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Selznick Pictures: 1920

Selznick Pictures: 1920

January 1920. Washington, D.C. "Selznick front, Thirteenth Street N.W." National Photo Company Collection glass negative. View full size.


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Julius Garfinckel

The most interesting thing to me in this picture is the spelling of "Julius Garfinkle." At some time during his life, the great Washington retailer changed the spelling of his name from Garfinkle to Garfinckel. The store was always known as Garfinckel's during my lifetime. The flagship downtown store moved from 13th and F to the northwest corner of 14th and F in 1929. The building now houses offices and street-level retail.

Select Pictures

This was, according to news items in the old Washington Star, a booking and exhibitor relations office for the various movie theaters in the mid-Atlantic region.


My mother worked at Garfinkle's in the 1930s, and I remember her shopping there many times while I was growing up near DC. I'd have to wait around endlessly while she tried on dresses, but at least we ate lunch at the Hot Shoppe on 14th St, and went to the matinee at the Capitol or the Trans-Lux.

Daft Workers

In the Hepner's ad below it states "Here in our luxurious parlor, daft and cheerful workers" -- I believe the word should have been deft, not daft. Can you imagine a customer requesting one of Hepner's most daft workers to work on her hair?

I give up.

At first, I merely thought it was something wrong with the film. Then, I looked at the picture full size and realized that they were on display in not just one, but both of Garfinkle windows. They look like a bunch of haunted handkerchiefs that have come to life, and are saying "Boo" to all passing pedestrians.

[Mold on the emulsion is responsible for the clothing display's alarming appearance. - Dave]

Hepner's Hair Emporium

William Hepner: "the acknowledged leader in the Art of Hair Dressing in America."

The Washington salons of Hepner's Hair Emporium opened Jan 9, 1911. An
image of the original New York establishment of William Hepner's hair and skin salon was previously seen in this 1912 Shorpy Photo.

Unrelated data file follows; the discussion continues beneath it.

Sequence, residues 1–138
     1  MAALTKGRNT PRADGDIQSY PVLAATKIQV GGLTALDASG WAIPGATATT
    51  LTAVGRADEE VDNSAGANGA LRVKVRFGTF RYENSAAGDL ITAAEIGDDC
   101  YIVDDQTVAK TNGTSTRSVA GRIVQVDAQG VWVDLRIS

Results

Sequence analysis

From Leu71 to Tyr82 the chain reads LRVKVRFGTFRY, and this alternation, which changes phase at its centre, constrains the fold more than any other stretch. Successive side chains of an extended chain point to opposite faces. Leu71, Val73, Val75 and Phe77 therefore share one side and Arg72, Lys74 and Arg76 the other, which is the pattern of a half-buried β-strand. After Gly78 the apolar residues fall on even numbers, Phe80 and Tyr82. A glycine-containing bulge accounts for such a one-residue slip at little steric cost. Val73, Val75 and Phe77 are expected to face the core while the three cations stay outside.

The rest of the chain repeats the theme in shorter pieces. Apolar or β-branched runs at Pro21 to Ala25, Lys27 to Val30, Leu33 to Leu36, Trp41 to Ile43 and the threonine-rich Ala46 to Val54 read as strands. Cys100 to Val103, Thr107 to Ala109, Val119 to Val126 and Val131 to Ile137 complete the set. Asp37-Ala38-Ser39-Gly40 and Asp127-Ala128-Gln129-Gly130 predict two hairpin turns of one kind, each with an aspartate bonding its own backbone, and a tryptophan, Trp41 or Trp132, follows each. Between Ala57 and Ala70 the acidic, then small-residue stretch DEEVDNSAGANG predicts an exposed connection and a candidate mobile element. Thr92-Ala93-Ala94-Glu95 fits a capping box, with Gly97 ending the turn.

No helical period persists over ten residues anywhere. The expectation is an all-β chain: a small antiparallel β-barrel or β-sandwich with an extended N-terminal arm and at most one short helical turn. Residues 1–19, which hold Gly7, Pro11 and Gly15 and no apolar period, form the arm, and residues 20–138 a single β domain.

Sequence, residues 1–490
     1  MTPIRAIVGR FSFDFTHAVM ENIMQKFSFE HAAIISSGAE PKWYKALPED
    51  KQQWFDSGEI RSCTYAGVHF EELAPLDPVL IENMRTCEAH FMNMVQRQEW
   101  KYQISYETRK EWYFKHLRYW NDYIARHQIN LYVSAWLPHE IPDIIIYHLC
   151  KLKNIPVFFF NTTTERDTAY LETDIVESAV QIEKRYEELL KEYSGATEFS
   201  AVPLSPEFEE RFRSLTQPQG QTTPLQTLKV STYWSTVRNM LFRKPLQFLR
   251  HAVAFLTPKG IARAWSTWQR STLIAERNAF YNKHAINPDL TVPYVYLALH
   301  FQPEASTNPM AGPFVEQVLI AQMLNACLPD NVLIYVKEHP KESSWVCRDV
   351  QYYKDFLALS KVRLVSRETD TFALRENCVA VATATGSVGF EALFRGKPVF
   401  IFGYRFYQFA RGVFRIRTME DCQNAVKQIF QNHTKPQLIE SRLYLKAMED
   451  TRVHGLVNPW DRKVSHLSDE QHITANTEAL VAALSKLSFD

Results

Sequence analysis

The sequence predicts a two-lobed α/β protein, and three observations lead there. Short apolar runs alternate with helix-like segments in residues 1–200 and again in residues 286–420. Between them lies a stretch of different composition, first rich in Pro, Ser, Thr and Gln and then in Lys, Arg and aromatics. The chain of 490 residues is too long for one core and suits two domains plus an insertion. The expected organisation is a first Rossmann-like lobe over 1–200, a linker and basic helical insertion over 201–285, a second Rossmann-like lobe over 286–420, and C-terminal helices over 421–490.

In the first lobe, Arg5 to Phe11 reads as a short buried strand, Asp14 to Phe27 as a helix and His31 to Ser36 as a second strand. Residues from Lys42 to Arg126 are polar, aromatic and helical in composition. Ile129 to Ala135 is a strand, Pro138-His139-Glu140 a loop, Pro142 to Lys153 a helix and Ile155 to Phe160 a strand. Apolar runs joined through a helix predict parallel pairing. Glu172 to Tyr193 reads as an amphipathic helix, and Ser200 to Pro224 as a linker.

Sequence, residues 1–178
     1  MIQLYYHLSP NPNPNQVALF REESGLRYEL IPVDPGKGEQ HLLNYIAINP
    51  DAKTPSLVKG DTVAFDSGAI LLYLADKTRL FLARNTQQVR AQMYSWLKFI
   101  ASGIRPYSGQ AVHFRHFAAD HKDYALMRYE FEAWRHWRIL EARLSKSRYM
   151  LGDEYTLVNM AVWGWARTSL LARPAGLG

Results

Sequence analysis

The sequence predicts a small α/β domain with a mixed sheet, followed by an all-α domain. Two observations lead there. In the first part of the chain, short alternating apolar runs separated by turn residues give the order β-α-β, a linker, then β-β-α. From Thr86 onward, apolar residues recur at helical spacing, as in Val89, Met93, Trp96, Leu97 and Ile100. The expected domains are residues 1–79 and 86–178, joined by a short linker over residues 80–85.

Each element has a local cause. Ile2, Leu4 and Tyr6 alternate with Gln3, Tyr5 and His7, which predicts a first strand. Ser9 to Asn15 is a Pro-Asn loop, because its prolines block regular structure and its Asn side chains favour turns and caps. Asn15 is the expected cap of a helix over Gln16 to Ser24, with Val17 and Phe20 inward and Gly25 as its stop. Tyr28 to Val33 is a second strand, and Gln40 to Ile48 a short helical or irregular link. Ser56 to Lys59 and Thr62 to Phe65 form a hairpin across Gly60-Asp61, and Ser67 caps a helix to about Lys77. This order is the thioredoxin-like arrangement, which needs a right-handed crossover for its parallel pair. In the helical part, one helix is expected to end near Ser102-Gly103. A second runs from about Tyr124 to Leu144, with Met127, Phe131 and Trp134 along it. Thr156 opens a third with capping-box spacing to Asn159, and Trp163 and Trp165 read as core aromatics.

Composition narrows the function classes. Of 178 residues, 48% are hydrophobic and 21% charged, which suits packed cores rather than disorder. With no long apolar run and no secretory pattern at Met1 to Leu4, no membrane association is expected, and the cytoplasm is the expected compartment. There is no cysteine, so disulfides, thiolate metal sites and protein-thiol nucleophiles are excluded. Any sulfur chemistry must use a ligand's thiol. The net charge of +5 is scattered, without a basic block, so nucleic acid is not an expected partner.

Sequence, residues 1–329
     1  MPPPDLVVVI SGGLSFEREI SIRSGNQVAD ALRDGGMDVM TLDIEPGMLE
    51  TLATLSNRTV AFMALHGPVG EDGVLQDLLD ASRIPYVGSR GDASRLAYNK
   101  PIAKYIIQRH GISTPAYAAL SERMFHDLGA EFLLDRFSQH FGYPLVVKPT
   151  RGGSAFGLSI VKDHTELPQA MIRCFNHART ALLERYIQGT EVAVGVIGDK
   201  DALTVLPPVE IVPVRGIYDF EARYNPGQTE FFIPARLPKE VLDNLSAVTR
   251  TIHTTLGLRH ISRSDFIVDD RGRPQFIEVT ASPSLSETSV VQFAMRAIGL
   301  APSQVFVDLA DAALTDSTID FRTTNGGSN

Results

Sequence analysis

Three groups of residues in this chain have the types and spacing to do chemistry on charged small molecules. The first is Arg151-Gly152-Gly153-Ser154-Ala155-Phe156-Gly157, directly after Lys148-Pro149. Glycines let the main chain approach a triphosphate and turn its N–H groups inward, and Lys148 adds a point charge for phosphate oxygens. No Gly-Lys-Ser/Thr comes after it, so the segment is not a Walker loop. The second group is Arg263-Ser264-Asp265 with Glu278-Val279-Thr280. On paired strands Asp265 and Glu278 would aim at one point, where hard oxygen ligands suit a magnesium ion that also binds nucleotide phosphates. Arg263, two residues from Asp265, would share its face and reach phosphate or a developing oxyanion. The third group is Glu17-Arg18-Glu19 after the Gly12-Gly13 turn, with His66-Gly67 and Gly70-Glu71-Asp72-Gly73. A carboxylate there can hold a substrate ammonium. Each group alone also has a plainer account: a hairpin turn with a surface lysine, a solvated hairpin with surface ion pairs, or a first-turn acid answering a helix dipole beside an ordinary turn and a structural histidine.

Advertisement, Washington Post, Nov 5, 1913

New York       Washington       Atlantic City

Special Display of the Latest Coiffeur Effects by William Hepner

We are now showing in our windows a special display of the very latest coiffeurs, by William Hepner, the acknowledged leader in the Art of Hair Dressing in America. Every woman in Washington who keeps abreast of Fashion should see these new coiffeurs.

Highest Quality Hair Goods

All our hair goods are made from the finest quality of human hair, personally selected. Our experts make up the most attractive pieces, under the most sanitary conditions. Our great stock makes it possible for us to exactly match any shade of hair.

We Offer Ideal Service in Scalp Treatment, Shampooing, Hair Dressing, Massage and Manicuring

Here in our luxurious parlor, daft and cheerful workers, trained in our New York establishment, are ready to serve you. Special service in your own home when desired.

Toupees made to order and fitted by experts.


Hair Emporium
525 13th St.

2 Doors Below F

Garfinkle's demise

I've always thought that the reason the store eventually went under is to be explained in an incident from my childhood.

Once -- I must have been 2 or 3 -- my mother took me with her when she went shopping there. One of the salesladies commented on what a handsome grandson she had.

My mother never set foot in the place again.

Julius Garfinkle and Co. (Washingson~Paris)

The company was established in 1905 and, by the 1930s, was the most fashionable ladies' store in Washington. The store was still in existence in the 1970s. They were located on the SE corner of F and 13th NW Streets.

Quite a few dresses and accessories with the store label show up on EBay.

Tragedy awaits

The actress Olive Thomas was soon to marry Mary Pickfords brother; and while on a trip to Paris with him died under mysterious circumstances. He was implicated in her death for a short time, but the truth of what happened has never been fully explained.

Who you gonna call?

There seems to be a trans-dimensional portal forming around those two centre buildings.

Select Pictures Corp

Select Pictures Corporation was not a happy place. It was created after future Paramount boss Adolph Zukor quietly bought half of Lewis Selznick's silent film company. Zukor apparently insisted on the title change, because he didn't want Selznick's name included. Zukor, however, cared more about his other film companies than for any Selznick, and in the production glut of 1923 let Select Pictures and Selznick go bankrupt. But Lewis's two college-age sons (Myron and David O.) learned. David of course would become a mogul to rival Zukor, while Myron, as talent agent, would avenge Zukor's treatment of their father.

If you could run the interior shots of this business in the LOC's archive, it might be possible to tell if one of the workers was an 18-year-old David O.

[I doubt any actual Selznicks worked here. - Dave]

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